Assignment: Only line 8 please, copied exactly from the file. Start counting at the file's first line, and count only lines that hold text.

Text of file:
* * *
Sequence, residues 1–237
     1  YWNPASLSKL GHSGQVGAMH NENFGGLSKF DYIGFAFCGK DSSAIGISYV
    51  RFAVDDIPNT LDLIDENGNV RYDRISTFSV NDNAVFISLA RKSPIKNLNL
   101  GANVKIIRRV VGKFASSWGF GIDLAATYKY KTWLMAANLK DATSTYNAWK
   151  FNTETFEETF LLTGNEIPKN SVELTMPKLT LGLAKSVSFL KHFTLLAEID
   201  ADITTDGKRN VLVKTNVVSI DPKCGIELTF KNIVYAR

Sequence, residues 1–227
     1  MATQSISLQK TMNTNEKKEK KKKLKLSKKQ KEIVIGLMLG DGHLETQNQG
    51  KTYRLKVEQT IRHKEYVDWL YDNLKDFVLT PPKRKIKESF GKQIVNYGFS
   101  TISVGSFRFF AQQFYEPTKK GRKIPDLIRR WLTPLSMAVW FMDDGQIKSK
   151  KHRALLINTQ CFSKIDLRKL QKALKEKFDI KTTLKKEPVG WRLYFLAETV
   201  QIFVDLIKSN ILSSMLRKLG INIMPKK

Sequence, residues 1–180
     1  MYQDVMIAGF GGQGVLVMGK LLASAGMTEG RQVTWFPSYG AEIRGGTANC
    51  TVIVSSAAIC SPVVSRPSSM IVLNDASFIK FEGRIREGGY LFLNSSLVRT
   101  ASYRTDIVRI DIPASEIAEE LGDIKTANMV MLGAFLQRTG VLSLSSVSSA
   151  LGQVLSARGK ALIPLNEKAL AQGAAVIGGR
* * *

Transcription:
     1  MATQSISLQK TMNTNEKKEK KKKLKLSKKQ KEIVIGLMLG DGHLETQNQG